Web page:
Recessions are inevitable.
Every other business headline, every other talking head with a degree in economics has something to say about the possibility of a recession in 2019.
And there is no better time to talk about it than now, days after the provincial government brought down its 2019 budget.
A recession will definitely happen. It might be because of China or trade wars or the simple fact that every boom time eventually stops booming and goes bust.
The blame usually gets thrown around shortly afterwards, while the average working (or newly unemployed) stiffs scramble to adjust while taking arrows from those looking to pin the blame.
People are spendthrifts, they have too many loans, they have credit card debt, they own a house bigger than they could afford, etc.
That all may be true.
But the reverse is also true, that before each recession, there are financial institutions eager to sell mortgages for little to nothing down, to hand out new credit cards to anyone with an active pulse and to add to the ever-expanding realm of debt.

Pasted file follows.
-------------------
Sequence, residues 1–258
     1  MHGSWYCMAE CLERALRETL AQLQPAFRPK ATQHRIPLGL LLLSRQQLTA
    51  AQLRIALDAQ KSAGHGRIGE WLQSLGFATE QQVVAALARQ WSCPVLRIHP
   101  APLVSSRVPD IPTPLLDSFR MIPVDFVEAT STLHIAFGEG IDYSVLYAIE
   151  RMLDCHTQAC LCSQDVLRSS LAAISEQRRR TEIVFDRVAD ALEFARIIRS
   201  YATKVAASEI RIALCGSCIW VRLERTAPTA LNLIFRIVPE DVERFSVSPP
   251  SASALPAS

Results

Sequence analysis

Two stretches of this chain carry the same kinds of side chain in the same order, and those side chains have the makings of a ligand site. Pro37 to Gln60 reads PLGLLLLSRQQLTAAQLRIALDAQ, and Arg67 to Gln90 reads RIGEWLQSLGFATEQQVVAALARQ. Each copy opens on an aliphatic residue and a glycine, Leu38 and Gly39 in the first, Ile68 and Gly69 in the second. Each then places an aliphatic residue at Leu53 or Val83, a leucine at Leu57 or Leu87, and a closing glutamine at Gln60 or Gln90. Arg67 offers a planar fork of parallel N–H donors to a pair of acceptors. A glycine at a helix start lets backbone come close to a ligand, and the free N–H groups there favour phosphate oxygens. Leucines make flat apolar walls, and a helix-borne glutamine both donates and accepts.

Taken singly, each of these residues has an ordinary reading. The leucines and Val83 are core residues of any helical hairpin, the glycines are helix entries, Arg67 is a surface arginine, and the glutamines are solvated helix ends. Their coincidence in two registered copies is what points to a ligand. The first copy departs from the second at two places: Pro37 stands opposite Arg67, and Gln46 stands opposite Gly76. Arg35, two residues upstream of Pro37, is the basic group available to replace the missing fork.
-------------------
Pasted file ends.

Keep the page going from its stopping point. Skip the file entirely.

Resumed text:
It takes two to tango. The debtor can’t exist without the lender.
Forget blame for a moment. It is better to save than to borrow. If you can manage to live within your means and put away some money for tomorrow, you absolutely should do so.
Sadly, that’s about the best advice we’ve got. We’re 11 years removed from the Great Recession, the one that knocked thousands of people around the world out of work, blighted banks, humbled car makers and wiped out vast sums of wealth.
We’re on the verge of another crash, though hopefully not as bad as the last time. But it hasn’t started yet. Unemployment remains low, wages are actually going up.
So, while times are still good, save what you can, pay off those credit cards and make some plans for the days ahead, which might not be so rosy.